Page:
Preparedness center assists state with Charley, uses knowledge to plan for future hurricanes
|September 03, 2004|
|CHAPEL HILL — Hurricane Frances’ impact on North Carolina remains somewhat uncertain, but University of North Carolina at Chapel Hill-affiliated public health professionals are prepared to help state officials conduct a rapid needs assessment if the hurricane creates significant damage in the state.Although Hurricane Charley only did minor damage in North Carolina, the state Office of Public Health Preparedness and Response conducted a rapid needs assessment of the damage in several southeastern counties.
They also asked the N.C. Center for Public Health Preparedness, part of the School of Public Health’s N.C. Institute for Public Health, for assistance.
Responders in a rapid needs assessment determine unmet needs of food, water and electricity, and distribute health and safety information. Individual households are randomly chosen to be interviewed, and responders estimate the needs of each county or region based on their responses.
Ten teams of two people from both the state and the center completed more than 200 interviews in Onslow, Pender and Brunswick counties after Hurricane Charley in August. They met in Raleigh beforehand to learn interviewing skills and how to use new handheld computers to find selected households and enter individuals’ responses.
“While North Carolina was generally spared from hurricane damage, this was an opportunity to practice with the new equipment and test how effectively we were able to reach rural residents,” said Jennifer Horney, director of training and education for the N.C. Center for Public Health Preparedness.
And with Hurricane Frances and almost three more months of hurricane season looming? “It was almost like a trial run for a more serious response,” said John Wallace, a program assistant with the center.
Charley represented only the second time a rapid needs assessment had been conducted in the state; the first was part of the public health response to Hurricane Isabel in September 2003. In the last year, the Office of Public Health Preparedness and Response has been working to improve the public health response to emergencies – and Hurricane Charley was their first test of new equipment and protocols.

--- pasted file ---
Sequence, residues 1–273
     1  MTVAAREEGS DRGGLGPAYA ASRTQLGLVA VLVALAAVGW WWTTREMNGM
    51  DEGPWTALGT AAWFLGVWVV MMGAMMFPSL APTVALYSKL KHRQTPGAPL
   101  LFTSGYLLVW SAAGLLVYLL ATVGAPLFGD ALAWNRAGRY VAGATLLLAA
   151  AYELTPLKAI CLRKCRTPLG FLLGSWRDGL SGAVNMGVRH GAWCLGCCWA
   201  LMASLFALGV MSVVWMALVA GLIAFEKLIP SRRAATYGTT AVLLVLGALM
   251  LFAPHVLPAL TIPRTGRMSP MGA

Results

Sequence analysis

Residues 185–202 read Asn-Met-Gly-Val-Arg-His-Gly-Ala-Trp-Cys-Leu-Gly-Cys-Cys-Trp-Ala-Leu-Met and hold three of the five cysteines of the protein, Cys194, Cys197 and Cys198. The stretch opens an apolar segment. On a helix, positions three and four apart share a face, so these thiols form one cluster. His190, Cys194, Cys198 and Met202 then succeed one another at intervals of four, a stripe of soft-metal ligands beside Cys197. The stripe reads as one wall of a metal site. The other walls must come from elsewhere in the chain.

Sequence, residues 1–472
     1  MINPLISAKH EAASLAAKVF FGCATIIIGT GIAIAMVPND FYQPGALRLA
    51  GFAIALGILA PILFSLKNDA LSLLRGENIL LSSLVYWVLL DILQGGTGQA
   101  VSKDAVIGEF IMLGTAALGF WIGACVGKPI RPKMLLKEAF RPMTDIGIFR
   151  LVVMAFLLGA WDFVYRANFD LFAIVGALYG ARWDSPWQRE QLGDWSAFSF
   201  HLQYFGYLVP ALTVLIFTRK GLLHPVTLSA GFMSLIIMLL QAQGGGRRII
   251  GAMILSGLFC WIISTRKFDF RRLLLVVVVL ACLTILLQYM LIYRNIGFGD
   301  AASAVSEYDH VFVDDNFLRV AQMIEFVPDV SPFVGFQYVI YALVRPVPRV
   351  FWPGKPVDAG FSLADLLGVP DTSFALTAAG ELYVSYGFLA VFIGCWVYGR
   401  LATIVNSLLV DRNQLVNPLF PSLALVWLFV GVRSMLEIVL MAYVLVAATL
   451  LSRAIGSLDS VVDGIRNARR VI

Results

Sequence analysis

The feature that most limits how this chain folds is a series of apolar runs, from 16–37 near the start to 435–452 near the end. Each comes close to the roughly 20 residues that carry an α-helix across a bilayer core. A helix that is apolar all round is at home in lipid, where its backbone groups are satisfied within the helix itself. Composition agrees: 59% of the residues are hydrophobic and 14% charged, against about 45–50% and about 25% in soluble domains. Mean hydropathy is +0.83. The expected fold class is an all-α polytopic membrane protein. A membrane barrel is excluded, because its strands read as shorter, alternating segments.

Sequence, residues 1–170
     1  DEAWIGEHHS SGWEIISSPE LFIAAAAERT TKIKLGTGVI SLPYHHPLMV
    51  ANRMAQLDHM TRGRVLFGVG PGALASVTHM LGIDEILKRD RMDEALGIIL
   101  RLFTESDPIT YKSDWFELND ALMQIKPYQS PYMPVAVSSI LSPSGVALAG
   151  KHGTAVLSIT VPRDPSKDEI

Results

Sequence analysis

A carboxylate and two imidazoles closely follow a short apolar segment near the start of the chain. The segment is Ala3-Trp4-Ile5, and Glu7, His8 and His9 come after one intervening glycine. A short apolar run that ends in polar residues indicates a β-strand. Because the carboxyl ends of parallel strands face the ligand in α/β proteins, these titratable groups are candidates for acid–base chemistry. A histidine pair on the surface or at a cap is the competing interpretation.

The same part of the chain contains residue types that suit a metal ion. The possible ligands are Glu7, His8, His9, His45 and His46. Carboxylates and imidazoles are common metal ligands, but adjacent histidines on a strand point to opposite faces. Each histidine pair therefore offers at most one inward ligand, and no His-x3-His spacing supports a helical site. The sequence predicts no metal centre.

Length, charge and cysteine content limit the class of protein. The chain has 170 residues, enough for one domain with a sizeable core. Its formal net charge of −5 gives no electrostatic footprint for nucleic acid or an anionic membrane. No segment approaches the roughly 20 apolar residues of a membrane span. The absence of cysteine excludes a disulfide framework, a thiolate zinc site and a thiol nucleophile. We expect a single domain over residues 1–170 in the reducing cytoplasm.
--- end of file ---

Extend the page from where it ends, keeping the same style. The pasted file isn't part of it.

Using a mobile command unit is one lesson learned for future public health emergencies, such as hurricanes, said Will Service, industrial hygiene coordinator with the Office of Public Health Preparedness and Response.
“We are always fine-tuning our planning and logistics,” he said. “In future rapid needs assessments, a mobile unit will be in place to train interviewers in the field to allow for more rapid deployment.”
Now that UNC is back in session, public health graduate students also may be involved in helping state officials conduct disaster surveys. Team Epi-Aid is an outbreak response team designed to give UNC public health students real-world experience while providing extra manpower to state and local health departments facing public health emergencies.
Hurricane Charley occurred before the start of the fall semester, so fewer students took part in that response than in previous field projects.
The N.C. Center for Public Health Preparedness, housed in the School of Public Health’s N.C. Institute of Public Health and department of epidemiology, is one of 23 such centers located at schools of public health nationwide. The U.S. Centers for Disease Control and Prevention funds the centers.
N.C. Institute for Public Health contact: Bev Holt, (919) 966-6274 or firstname.lastname@example.org
N.C. Center for Public Health Preparedness contact: Tara Rybka, (919) 966-9599 or email@example.com
For further information please contact Emily Smith either by phone at 919.966.8498 or by email at firstname.lastname@example.org